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Thaddaeus Ropac London presents a selection of portraits by Not Vital
Installation view. © Not Vital. Courtesy Galerie Thaddaeus Ropac, London • Paris • Salzburg.



LONDON.- Thaddaeus Ropac London is presenting Not Vital: Paintings. The exhibition presents the renowned Swiss artist in an intimate new light. Focusing on a series of Portrait Paintings initiated 12 years ago, the exhibition features a selection of portraits never previously exhibited in the UK and many of which have never been seen by the public, revealing a unique dimension to Vital’s multifaceted practice.

Rendered predominantly in a minimalist palette of white, greys and black, the series of oil paintings features individuals close to the artist; important historical figures, such as singers, poets, philosophers or artists; anonymous subjects; as well as self-portraits in which Vital sometimes adopts guises. Reduced to the delicate interplay of light and dark, achieved through the subtle tonalities of a limited, greyscale palette, Vital captures and portrays the unique essence of each of his subjects, honing in on their identifying elements or characteristics. The figures are repeatedly presented as darkly coloured orbs floating against the void of a seemingly ‘empty’ background. The unpainted areas function as both empty space and as representative of a certain uncertainty — a mediation on the limits of knowing — while the subjects become a mediation on the human presence itself, replacing an emphasis on the minutiae of detail with a focus on the overall form. Preoccupied with the expression of an inner reality, the works highlight the potency of essence as opposed to detail.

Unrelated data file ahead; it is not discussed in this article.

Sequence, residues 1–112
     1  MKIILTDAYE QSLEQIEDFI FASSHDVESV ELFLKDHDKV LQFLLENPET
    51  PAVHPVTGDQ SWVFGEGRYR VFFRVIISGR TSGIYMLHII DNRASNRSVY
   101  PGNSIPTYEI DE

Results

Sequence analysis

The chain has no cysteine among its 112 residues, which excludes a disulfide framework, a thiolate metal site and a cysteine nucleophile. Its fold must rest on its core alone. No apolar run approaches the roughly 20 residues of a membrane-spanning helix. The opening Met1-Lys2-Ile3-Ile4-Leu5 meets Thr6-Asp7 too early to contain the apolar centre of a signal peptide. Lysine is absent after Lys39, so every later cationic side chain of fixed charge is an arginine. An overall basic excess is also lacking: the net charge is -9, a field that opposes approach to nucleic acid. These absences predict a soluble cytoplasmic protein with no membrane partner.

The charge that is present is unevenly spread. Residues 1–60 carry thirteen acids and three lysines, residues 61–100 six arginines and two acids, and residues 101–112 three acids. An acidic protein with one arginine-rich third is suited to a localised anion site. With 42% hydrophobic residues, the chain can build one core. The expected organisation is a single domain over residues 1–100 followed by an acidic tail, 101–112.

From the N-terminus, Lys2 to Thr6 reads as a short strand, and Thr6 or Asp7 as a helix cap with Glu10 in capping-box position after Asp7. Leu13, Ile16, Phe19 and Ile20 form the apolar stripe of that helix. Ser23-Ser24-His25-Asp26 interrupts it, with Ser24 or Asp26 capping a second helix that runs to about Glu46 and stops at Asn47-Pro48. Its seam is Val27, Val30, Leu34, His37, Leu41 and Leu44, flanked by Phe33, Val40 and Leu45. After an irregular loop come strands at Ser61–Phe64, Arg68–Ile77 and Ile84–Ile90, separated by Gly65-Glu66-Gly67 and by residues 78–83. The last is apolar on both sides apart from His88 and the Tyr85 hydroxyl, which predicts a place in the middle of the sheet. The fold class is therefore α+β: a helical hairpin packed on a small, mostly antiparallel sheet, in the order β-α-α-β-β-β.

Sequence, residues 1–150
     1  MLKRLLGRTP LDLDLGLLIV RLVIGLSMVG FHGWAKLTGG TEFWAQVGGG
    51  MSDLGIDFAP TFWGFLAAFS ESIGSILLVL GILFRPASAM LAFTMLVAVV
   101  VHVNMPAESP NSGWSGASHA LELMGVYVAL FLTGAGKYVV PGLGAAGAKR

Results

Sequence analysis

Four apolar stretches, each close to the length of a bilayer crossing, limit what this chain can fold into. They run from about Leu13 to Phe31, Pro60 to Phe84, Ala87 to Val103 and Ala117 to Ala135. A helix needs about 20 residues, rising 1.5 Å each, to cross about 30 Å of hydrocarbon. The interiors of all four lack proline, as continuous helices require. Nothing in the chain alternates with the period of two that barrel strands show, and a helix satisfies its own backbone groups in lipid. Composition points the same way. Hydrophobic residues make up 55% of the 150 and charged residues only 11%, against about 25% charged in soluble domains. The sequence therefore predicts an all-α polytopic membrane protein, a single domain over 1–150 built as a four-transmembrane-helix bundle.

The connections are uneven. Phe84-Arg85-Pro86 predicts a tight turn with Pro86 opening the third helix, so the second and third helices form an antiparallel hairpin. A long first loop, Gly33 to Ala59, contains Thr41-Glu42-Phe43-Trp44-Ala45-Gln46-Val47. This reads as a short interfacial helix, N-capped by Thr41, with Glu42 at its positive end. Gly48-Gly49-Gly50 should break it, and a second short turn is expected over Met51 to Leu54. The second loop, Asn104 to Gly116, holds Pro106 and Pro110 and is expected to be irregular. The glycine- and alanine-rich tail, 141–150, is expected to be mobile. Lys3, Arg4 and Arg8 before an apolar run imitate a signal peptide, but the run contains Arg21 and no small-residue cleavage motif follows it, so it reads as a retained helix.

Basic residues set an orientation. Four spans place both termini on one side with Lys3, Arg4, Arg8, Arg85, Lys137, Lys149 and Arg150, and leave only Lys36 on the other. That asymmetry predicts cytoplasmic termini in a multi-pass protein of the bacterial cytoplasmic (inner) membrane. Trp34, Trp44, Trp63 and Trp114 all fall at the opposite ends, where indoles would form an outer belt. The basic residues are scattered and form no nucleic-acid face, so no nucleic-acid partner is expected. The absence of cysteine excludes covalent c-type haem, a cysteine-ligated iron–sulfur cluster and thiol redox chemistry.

Over the past ten years, the Portrait Paintings have come to occupy a deeply personal and significant position in Vital’s oeuvre. As Vital says of his work in this medium: ‘Painting is the best way for me to see, feel and smell the light’. Born from a highly meditative mode of looking — and of making — their intricate gradation and depth invite a deeper form of contemplative viewing. They are produced through a process of application and reduction, whereby the artist creates the facial form by repeatedly adding and removing layers of paint until the portrait seems to emerge from the material and present itself. In this way, the works offer a unique addition to his sculptural practice, at the core of which lies a distinct and innate sensitivity to light, space and form. This sensitivity, along with the artist’s palette, is largely influenced by a youth spent in the Swiss Engadin valley the Canton of Grisons, or ‘grey-land’, which is known for its dramatic Alpine scenery and enveloped by snow in the winter months. Vital observes how the lack of colour in such an environment requires an attentiveness in looking both out of necessity but also thanks to the allure of its subtlety: it produces a level of mystery that draws the viewer in.




Vital’s palette is further reflective of the subdued light within the studio itself and of the artist’s intensity of gaze as he paints. When painting in his Beijing studio, Vital observes his reflection in two large, reflective walls made of stainless steel, which function to both distort and agitate the image of his subject.